Allowing teens to work too many hours at the wrong place can derail their sexual health by prompting them to bed older partners. This is one of the key findings in a University of Michigan study of youth on what predicts the age of sex partners.
Study co-author Jose Bauermeister, assistant professor in the University's School of Public Health, says the age difference of sex partners is important because a larger age difference is associated with riskier sexual behaviour and sexually transmitted diseases (STDs), including HIV.
Working too many hours in an adult environ without adequate supervision can lead to exposure to adults and eventually sexual activity with older partners, especially for young girls, Bauermeister said.
His team followed youths in Michigan as they transitioned from adolescence to young adulthood - aged 14 through 25 - to see what factors predicted the sex-partner age- difference.
Many factors can lead to age differences in sex partners, with girls usually dating those older than boys and young men, the study found. Age and number of work hours matter in adolescents, but any negative impact isn't apparent after age 18 or 19, the study found.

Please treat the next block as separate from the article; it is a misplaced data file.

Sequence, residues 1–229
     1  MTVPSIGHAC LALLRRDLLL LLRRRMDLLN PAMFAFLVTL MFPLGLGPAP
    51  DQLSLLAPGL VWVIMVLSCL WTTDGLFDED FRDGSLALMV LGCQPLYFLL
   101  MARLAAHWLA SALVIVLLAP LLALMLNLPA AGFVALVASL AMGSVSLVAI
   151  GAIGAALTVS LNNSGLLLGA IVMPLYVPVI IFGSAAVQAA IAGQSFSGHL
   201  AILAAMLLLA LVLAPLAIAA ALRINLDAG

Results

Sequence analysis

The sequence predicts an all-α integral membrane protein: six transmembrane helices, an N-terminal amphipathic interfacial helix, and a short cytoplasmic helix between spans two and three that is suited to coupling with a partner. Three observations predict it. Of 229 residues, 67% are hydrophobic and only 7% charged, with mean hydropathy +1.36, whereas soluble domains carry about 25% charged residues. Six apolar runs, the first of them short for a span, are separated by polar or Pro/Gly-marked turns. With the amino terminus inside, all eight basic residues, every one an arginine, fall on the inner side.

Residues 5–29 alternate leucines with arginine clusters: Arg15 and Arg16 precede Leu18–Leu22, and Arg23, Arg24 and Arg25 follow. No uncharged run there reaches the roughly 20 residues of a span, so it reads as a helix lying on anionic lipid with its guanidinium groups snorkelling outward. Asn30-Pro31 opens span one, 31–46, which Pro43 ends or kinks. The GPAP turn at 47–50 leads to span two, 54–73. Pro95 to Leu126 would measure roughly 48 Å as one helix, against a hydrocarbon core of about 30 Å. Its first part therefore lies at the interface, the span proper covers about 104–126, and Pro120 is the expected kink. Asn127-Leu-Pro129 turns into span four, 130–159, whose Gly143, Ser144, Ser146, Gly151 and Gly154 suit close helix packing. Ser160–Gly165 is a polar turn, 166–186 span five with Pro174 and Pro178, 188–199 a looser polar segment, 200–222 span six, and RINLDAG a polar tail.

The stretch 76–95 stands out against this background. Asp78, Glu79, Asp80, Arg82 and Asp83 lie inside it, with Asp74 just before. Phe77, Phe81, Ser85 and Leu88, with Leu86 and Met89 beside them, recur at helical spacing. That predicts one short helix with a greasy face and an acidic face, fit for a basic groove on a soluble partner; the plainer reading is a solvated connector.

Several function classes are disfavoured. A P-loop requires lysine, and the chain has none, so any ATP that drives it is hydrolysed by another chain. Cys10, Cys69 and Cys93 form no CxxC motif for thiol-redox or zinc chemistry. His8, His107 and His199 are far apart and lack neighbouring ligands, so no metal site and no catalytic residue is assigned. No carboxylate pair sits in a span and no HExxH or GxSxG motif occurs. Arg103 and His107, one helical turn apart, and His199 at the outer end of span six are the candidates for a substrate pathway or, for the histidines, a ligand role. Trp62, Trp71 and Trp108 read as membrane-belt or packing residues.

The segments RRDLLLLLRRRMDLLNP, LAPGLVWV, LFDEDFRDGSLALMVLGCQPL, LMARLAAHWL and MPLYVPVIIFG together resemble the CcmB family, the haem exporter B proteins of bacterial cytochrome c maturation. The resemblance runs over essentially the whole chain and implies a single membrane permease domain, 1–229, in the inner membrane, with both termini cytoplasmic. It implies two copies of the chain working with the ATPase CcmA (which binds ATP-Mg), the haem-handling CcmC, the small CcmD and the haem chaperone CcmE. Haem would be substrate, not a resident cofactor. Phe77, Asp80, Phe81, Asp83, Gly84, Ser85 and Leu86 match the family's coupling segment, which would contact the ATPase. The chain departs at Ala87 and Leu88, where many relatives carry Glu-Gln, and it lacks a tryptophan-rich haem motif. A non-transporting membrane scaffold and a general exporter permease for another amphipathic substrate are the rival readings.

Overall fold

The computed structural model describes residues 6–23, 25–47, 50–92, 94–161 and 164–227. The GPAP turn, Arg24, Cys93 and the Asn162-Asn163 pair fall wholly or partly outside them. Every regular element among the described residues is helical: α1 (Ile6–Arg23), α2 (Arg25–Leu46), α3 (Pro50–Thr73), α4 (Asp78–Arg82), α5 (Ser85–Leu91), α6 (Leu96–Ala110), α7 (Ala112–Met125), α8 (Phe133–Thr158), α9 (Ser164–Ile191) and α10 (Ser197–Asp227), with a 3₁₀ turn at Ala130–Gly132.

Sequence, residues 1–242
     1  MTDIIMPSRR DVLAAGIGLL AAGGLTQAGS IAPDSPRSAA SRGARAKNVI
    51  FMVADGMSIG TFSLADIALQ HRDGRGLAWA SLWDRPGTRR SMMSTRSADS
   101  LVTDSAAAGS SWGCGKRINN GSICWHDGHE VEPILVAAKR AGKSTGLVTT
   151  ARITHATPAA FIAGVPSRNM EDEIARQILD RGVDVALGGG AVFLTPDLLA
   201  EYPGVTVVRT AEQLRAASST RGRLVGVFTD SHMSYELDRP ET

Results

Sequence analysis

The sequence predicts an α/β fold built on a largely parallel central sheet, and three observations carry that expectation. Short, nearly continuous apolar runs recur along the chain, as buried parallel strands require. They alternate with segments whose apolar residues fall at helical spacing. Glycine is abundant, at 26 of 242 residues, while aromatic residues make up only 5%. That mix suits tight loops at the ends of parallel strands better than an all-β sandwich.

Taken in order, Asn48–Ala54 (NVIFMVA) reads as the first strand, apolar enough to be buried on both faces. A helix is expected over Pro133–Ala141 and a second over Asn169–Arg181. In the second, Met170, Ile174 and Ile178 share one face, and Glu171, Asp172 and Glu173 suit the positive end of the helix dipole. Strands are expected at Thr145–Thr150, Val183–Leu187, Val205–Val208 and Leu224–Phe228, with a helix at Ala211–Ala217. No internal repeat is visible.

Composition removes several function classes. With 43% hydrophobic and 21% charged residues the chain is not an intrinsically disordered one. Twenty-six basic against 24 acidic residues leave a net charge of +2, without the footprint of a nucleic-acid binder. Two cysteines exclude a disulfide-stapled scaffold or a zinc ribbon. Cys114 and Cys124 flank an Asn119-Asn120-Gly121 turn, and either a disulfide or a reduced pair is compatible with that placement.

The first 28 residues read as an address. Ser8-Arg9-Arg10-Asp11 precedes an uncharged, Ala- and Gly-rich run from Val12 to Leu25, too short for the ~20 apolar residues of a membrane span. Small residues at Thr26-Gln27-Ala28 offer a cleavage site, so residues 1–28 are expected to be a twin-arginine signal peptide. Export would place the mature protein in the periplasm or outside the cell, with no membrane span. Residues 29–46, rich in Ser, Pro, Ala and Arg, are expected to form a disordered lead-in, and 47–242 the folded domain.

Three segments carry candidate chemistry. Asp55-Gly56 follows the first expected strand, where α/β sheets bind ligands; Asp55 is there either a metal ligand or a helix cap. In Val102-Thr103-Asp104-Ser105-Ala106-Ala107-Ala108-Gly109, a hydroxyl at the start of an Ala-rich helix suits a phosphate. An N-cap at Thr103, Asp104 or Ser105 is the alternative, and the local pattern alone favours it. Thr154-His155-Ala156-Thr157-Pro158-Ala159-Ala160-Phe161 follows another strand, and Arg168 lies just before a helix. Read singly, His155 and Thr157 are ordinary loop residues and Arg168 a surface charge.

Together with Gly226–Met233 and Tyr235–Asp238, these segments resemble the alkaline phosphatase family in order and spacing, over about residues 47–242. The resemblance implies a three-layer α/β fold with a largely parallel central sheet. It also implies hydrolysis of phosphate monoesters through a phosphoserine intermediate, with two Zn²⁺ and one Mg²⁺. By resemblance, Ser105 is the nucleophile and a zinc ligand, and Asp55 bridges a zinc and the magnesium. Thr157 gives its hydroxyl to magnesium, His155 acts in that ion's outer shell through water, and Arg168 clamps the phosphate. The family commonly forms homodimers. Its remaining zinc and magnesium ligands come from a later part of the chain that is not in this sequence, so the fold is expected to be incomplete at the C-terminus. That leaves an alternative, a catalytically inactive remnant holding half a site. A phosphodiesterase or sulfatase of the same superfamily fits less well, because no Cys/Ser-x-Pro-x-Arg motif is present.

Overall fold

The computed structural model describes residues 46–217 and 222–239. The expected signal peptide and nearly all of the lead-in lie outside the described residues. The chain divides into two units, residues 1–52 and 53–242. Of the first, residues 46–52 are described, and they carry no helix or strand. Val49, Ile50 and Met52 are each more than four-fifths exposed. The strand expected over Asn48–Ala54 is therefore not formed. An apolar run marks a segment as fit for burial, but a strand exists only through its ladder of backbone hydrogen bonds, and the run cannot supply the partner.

The study found that a youth's self-esteem and alcohol use also play a role in the age difference between sex partners, adds Bauermeister.
Bauermeister says the result shows that overall, teenagers who work part-time benefit in almost all areas over those who don't have jobs. However, those benefits come with caveats, he says, according to a university release.
High self-esteem and low use of alcohol offset the negative effects of working too many hours, he said. Those factors also protect youths overall from engaging in riskier sexual behaviour.